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Showing posts from July, 2012

A Saucy Shot for a Sweet Ending

Along with my tiramisù  and  Estonian rhubarb cake , I decided on a dessert shot to round out my sweet trio. I had all of the ingredients and I couldn't resist the name; I knew the guys would be all over it. And I was right - no man turns down a hummer. 1 mini scoop of lemon sorbet 1 mini scoop of mango sorbet (the original called for orange, but I wanted mine a little more exotic) 1 shot of Calvados or brandy Sweet. Potent. Cheers! I neglected to get a photo of saucy shot - 'The Citrus Hummer' -  but it was a hit. Here's a photo of the saucy hostess instead.

Estonian Rhubarb Cake v.2

After I made Biskviikattega Rabaribrokook , Estonian rhubarb cake, last week, Jake declared it "better than rhubarb pie" and I decided to include it in my trio of desserts for our dinner party. He had one request, though - make it more tart. So, here's take two on the Biskviikattega Rabaribrokook . I reduced the sugar, used fresh lemon juice - instead of lemonade - and added lemon zest. A delicious success... Part I 6 stalks of rhubarb, cleaned, trimmed, and sliced into 1/2" chunks 1/2 C organic granulated sugar Roll the rhubarb in sugar and set aside. Part II 2 C white whole wheat flour 1/2 C powdered sugar 2/3 C butter, softened 2/3 C olive oil pinch of pink Himalaya salt 1 T cold water Preheat oven to 350. Place flour, powdered sugar, and salt into a mixing bowl. Rub in butter and oil till the mixture resembles coarse breadcrumbs. Stir in water until the mixture forms a ball. Press the dough into a 9"x13" baking pan and bake for 20

Skewers Galore!

Yesterday Jake and I hosted our annual dinner party for the HOGS (Happy Omnificent Gourmet Society). This fun group of eight couples takes turns creating a festive event, usually, with a theme. We decided to kick it ol' school by making everyone play kickball - in our Che Cazzo! kickball tournament. Che Cazzo! is an Italian cuss-phrase that translates - roughly to WTF! - although it's literal meaning is about balls. In any case, it launched me into serving up a feast with foods that were round. Truth be told, we didn't make it to nine innings...not even close. We called it quits after two, but did work up quite an appetite. And glasses of cherry-chardonnay sangria helped to ease the pain of pulled groin muscles, bloodied knees, and bruised egos. To kick off the dinner, I served a trio of skewers - with mostly round elements. Skewers galore! I. Mozzarella Ciliegie + Mini Heirloom Tomatoes + Fresh Basil Leaves II. Strawberries + Feta Cubes + Mint Leaves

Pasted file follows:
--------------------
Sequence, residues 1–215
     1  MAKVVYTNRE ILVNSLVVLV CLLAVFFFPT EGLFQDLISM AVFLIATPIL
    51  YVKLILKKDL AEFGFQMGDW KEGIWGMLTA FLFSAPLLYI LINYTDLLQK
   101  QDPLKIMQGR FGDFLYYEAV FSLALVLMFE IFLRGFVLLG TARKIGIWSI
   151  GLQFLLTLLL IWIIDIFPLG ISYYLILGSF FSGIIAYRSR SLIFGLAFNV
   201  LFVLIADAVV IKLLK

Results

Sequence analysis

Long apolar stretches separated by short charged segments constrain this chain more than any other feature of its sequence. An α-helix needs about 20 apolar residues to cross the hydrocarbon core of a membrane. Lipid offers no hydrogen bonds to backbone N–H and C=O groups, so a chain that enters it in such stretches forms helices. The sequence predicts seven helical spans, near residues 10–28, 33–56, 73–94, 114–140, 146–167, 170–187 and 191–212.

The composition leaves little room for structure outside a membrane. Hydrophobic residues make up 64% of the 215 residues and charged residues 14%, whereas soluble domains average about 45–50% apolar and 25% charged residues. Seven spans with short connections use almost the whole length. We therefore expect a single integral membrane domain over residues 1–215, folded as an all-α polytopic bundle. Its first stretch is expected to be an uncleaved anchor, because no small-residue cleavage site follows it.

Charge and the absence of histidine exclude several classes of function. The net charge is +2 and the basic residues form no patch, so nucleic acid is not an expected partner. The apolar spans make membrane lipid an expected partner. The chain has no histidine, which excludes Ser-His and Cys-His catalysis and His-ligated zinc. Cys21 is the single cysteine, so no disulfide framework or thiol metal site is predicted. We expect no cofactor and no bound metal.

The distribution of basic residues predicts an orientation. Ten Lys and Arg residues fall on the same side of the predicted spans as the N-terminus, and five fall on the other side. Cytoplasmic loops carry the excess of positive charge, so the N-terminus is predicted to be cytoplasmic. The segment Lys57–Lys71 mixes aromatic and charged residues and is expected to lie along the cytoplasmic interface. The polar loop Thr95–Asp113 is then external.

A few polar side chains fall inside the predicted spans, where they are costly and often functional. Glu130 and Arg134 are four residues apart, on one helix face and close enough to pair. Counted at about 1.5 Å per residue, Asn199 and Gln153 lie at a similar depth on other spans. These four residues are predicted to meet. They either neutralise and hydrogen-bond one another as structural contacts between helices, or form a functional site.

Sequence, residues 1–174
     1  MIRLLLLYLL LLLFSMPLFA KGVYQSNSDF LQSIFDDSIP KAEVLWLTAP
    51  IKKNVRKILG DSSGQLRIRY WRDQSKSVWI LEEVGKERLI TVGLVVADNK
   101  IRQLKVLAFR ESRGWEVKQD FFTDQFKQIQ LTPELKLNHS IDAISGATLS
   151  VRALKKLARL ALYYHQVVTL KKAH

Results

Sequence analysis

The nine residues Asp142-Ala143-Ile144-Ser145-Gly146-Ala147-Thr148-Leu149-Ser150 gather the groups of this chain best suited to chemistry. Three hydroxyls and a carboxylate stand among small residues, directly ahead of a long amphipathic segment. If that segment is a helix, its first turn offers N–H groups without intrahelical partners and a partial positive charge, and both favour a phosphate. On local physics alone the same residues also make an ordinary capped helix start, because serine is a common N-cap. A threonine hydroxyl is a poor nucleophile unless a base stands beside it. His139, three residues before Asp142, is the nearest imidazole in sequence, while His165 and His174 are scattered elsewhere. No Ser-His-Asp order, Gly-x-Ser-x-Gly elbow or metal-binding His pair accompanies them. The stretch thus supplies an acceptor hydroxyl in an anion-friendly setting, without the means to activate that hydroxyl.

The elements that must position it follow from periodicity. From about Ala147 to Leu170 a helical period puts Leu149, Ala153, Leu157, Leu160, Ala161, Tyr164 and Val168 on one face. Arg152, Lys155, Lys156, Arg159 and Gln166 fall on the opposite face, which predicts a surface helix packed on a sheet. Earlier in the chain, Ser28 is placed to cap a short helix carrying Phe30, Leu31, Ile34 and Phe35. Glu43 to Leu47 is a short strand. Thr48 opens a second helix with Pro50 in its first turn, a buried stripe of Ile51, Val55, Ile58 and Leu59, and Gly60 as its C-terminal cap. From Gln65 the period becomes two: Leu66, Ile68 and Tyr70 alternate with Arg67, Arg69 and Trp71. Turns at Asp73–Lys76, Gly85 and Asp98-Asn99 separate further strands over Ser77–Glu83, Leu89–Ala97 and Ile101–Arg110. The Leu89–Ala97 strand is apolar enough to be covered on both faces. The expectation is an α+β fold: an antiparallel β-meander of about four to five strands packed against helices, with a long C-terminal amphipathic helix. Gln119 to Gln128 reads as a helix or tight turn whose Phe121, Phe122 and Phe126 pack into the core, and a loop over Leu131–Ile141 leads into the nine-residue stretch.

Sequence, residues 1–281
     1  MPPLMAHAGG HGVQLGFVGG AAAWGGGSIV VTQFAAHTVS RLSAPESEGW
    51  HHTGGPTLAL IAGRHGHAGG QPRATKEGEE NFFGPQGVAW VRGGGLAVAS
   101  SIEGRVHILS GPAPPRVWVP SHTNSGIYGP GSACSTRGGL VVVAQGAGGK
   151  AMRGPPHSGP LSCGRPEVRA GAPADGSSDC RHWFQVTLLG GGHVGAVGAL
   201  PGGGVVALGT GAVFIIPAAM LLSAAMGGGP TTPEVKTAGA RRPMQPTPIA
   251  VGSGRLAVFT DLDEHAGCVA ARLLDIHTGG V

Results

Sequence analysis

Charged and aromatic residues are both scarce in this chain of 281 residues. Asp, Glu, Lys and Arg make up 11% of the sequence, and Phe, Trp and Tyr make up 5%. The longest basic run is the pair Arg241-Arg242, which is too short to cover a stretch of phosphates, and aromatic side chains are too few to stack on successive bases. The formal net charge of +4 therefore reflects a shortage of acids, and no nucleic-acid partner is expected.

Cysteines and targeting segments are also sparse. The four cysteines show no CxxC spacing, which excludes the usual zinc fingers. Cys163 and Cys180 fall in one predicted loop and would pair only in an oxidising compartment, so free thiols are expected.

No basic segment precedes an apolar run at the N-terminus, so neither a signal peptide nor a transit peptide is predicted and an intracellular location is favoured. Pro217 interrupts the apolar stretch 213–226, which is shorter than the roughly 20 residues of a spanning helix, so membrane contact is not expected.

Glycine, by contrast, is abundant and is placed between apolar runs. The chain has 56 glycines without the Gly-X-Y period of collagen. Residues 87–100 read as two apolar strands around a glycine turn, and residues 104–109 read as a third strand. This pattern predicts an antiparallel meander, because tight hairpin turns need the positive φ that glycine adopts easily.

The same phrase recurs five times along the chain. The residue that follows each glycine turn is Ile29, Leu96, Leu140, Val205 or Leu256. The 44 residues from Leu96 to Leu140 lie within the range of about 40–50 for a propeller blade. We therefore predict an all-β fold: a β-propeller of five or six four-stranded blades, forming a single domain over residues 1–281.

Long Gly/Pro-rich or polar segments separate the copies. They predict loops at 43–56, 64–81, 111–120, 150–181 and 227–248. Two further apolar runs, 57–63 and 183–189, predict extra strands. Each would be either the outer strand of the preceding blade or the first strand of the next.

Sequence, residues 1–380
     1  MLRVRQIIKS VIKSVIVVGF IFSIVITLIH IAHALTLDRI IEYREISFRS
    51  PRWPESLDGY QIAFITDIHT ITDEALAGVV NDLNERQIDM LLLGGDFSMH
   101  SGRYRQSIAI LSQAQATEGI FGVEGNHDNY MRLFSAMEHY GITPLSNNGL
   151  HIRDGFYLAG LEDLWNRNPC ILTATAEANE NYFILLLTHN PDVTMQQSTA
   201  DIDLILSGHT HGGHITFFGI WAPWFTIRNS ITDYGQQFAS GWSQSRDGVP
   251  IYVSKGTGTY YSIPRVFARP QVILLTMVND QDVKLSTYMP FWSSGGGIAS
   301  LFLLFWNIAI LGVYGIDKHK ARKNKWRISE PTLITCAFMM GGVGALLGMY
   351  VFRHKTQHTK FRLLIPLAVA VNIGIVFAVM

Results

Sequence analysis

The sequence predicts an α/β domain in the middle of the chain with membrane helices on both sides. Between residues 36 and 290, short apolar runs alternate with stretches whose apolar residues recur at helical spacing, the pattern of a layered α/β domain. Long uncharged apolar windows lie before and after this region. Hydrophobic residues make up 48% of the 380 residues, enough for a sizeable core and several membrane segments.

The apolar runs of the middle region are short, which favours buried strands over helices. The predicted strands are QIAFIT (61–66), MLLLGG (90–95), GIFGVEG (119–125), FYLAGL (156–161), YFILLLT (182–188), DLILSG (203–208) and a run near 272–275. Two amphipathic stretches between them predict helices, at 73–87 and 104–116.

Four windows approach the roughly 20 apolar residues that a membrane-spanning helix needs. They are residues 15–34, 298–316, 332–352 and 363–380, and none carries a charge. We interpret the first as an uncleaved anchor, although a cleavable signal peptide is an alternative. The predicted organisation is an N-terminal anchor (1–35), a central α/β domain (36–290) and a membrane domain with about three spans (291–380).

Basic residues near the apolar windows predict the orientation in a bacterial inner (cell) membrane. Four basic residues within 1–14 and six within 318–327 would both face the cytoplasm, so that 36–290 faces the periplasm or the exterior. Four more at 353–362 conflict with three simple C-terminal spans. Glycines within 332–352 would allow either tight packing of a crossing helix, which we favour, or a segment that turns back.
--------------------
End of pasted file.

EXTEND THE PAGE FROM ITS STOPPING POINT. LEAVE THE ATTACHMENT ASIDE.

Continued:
Cherry-Chardonnay Sangria

  I wanted to make a summery (adult) drink for a picnic with friends. So, I put D to work with his cherry pitter and made a white wine sangria. 2 bottles of chardonnay 2 lemons, halved 4 T organic, granulated sugar 2 shots brandy 2 dozen pitted sweet cherries 4 C sparkling lemon water Pour wine in the pitcher and squeeze juice from the lemon into the wine. Toss in the fruit and add sugar and brandy. Chill overnight. Add sparkling water just before serving. Cheers! Here's a shot of the final product, at the ballpark...


 After watching the very disappointing tiramisù demonstration aboard the Star Princess, I've been craving my version. I learned how to make this in Italy...from a woman who didn't speak English. That has to be authentic, doesn't it?!? Layer 1: ladyfingers moistened with an espresso + brandy mixture (with a 2:1 ratio) Layer 2: zabaglione (3 egg yolks + 3 T organic granulated sugar cooked over a double boiler until frothy) + 3 egg whites beaten until peaks form Layer 3: marscarpone cream + 1/3 C espresso Layer 4: unsweetened whipped cream + unsweetened cocoa powder

Cooking Around the World: Estonia

Every now and then this lone resident of the testosterone land called 'In the Land of the Manns' flexes her estrogen-fueled muscles and makes things a little bit frilly in the kitchen. Tonight's tabletop travel to Estonia is a case in point. I wanted everything to be pink...well, except the beer! Typical Estonian dishes include: Silgusoust (Baltic fish in acid sauce), Mulgikapsad (pork with sauerkraut and boiled potatoes), Verivorst (blood sausage and barley), Marineeritud angerjas (marinated eel), Sült (boiled pork in jelly), Keel Hernestega (tongue), Suitsukala (smoked fish) and Karask (a kind of dry cake-like barley bread). But none of those sound very girly or pink. I opted for... Rosolje Beet Salad Salad 4 potatoes, boiled and cooled 3 beets, boiled and cooled 3 eggs, boiled and cooled 2 apples, peeled, cored and chopped Garnish cornichon pickled herring 1/2 sweet onion, chopped 3/4 C sour cream Dressing 3/4 C sour

Biskviikattega Rabaribrokook {Estonia} - Rhubarb Cake

Biskviikattega Rabaribrokook (Estonian Rhubarb Cake) has displaced rhubarb pie as my family's favorite dessert...ever. That's saying something. Wow. Part I 6 stalks of rhubarb, cleaned, trimmed, and sliced into 1/2" chunks 1/2 C organic granulated sugar Roll the rhubarb in sugar and set aside. Part II 2 C white whole wheat flour 1/2 C powdered sugar 2/3 C butter, softened 2/3 C olive oil pinch of pink Himalaya salt 1 T cold water Preheat oven to 350. Place flour, powdered sugar, and salt into a mixing bowl. Rub in butter and oil till the mixture resembles coarse breadcrumbs. Stir in water until the mixture forms a ball. Press the dough into a 9"x13" baking pan and bake for 20 minutes until golden brown. Part III 4 eggs 2 C organic granulated sugar 1/4 C white whole wheat flour 1/2 t baking powder 1/4 C strawberry lemonade (the original recipe called for lemon juice, but I wanted something pink!) Beat together the eggs,

Superhero Abalone